Cleaning out the refrigerator of out-dated and unwanted food is a task that should be done on a regular basis - and usually isn't done until something starts to smell, or grow fur, or gets shoved 'way back so that someone else (usually the bravest soul in the family) has the terrific job of discarding food that outlived its prime - and time.
My mother-in-law hated to throw food out. Having survived the Great Depression, she hung on to left-overs for weeks - assuring me that she could tell if they'd "gone bad."
I remember a week-long visit to her home in LA when the same plate of boiled beets was offered to us daily at least four times and I, who disliked beets, politely refused the dish each time, as did my husband. What I especially remember (and it has been over 35 years since that visit) is that while baby-sitting our year-old son, she mashed the beets well and fed them to him while we were out for a few hours. Upon our return, the kid promptly gagged and threw up those beets - all over me. I think that was my last visit, so I never again had to deal with her stubborn refusal to throw out leftover foods that no one else was willing to eat.
Hanging onto leftovers is fairly common behavior, judging by the calls I get from the public - so you have a dab of this, a slice of that, a spoonful of sauce or a rind of cheese and if no one is into reconstruction, these foods generally don't improve with age. It's fairly easy to toss those out. What about jars of condiments or cartons of coffee creamer? How long should you hang on to processed, canned or bottled foods? The labels say "Keep refrigerated" - but for how long?
Shelf life of various shelf-stable and refrigerated foods varies, mostly based on acidity and fat content. Very acidic foods are resistant to bacterial growth, so most pickled food has a bit longer lifespan than un-pickled foods. Fats tend to go rancid over time and develop "off" flavors that are quite noticeable. Some items last longer because of their processing or their containers. Let's touch on some commonly stored foods and approximate time-frames for their use or disposal.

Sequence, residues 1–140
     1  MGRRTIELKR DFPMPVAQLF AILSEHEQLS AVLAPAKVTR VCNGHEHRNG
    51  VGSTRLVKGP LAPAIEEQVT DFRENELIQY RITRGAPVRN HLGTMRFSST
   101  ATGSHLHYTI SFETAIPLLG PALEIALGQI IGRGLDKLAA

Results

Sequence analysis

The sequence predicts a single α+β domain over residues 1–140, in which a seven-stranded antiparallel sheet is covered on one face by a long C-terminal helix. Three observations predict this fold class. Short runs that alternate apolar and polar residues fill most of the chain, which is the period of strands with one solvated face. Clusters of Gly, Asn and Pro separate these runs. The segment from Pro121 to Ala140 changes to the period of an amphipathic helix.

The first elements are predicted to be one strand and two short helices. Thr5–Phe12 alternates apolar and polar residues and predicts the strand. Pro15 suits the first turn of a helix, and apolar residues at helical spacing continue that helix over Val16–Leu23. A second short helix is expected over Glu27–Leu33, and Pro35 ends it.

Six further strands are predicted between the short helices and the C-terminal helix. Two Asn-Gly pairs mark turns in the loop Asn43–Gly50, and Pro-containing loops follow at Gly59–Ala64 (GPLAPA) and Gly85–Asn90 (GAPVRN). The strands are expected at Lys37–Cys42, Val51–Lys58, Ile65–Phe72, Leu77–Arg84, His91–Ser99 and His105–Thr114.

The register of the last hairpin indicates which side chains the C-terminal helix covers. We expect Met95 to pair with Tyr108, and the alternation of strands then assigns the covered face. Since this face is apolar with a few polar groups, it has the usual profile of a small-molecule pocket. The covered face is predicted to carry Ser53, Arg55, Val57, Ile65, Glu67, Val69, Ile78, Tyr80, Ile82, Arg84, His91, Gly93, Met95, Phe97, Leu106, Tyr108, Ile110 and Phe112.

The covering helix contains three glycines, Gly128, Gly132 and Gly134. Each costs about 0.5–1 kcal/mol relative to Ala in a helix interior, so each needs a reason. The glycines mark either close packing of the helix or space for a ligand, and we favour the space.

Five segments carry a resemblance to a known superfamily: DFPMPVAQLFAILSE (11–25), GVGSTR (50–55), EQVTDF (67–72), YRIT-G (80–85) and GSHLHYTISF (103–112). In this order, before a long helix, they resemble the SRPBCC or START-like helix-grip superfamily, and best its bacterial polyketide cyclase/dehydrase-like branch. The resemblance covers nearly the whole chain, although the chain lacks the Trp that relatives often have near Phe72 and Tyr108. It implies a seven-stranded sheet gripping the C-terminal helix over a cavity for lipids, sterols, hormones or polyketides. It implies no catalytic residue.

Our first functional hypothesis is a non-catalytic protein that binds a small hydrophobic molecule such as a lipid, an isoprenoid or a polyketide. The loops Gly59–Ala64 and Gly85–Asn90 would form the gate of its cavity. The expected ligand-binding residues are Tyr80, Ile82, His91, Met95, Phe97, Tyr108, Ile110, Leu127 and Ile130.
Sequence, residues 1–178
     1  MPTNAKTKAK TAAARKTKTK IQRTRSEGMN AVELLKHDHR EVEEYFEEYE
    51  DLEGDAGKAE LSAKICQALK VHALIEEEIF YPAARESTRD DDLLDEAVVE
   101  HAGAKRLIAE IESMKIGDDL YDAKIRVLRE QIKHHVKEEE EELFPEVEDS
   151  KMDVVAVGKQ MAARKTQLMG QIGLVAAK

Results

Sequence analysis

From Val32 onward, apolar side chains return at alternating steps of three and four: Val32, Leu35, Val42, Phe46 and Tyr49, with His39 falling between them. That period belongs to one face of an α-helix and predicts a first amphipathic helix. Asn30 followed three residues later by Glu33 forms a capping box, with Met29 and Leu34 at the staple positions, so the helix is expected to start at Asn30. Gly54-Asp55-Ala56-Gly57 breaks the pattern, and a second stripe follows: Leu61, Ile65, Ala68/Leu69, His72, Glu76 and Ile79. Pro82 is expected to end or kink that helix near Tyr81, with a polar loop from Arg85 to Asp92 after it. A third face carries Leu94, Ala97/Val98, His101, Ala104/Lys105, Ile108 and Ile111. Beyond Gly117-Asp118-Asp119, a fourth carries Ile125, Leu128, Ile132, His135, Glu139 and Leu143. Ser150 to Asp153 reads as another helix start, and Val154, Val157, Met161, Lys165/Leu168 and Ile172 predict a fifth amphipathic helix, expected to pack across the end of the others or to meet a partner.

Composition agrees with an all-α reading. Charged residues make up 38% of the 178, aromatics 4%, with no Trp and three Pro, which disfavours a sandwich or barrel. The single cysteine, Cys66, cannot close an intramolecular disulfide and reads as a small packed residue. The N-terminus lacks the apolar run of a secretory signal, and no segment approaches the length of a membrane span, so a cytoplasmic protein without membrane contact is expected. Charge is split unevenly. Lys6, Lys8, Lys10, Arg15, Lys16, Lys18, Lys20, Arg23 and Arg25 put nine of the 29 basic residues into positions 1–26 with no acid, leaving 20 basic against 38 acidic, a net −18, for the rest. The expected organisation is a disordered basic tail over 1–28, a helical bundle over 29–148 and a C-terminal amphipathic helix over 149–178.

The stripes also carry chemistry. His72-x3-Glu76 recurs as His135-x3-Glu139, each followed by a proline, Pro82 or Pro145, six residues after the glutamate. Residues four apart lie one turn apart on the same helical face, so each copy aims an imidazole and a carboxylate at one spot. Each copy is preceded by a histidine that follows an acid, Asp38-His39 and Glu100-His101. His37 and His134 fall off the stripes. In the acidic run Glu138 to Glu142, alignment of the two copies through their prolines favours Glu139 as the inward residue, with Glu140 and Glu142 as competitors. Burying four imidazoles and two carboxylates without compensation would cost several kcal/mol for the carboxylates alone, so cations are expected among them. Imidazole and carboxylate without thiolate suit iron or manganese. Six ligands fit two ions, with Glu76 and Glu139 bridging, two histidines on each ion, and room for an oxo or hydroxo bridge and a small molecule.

Olives, both green and black are fine unopened, for about 1 year. Once they're opened, they have between 1-2 months of a quality life in the fridge.
Sour Cream: Unopened: 2 weeks in the fridge. Opened: 2 weeks in the fridge.
Mayonnaise: Unopened: 2-3 months. Opened: 2 months in the fridge. Be sure to refrigerate after opening, and never leave mayo out of the fridge for more than two hours.
Butter: In the Fridge: 3 months. Salted butter has a longer shelf life than unsalted. Have more butter than you can use? Store extra sticks in the freezer for up to a year.
Pickles: Unopened: 1 year. Opened: 1-2 months in the fridge.
Salad Dressing: Unopened: 10-12 months. Opened: 3 months in the fridge.
Tomato Paste: Unopened: 1 year. Opened: 5 days in the fridge.
Broth: Unopened: 1 year. Opened: 2 days in the fridge.
Half and Half: Unopened: 4 weeks in the fridge. Opened: 1 week in the fridge.
Baby Food: Unopened: 1 year. Opened: 2-3 days in the fridge.
Vegetable Oil: Unopened: 6 months. Opened:1-3 months. For best results, store opened vegetable oil in the fridge.
Juice: Unopened: 1 year. Opened: 1 week in the fridge.
If you cannot remember how long something has been taking up space in your refrigerator, it's time to grab a trash bag and start removing it. Review the contents on a weekly basis and remember that nothing, especially food, is forever.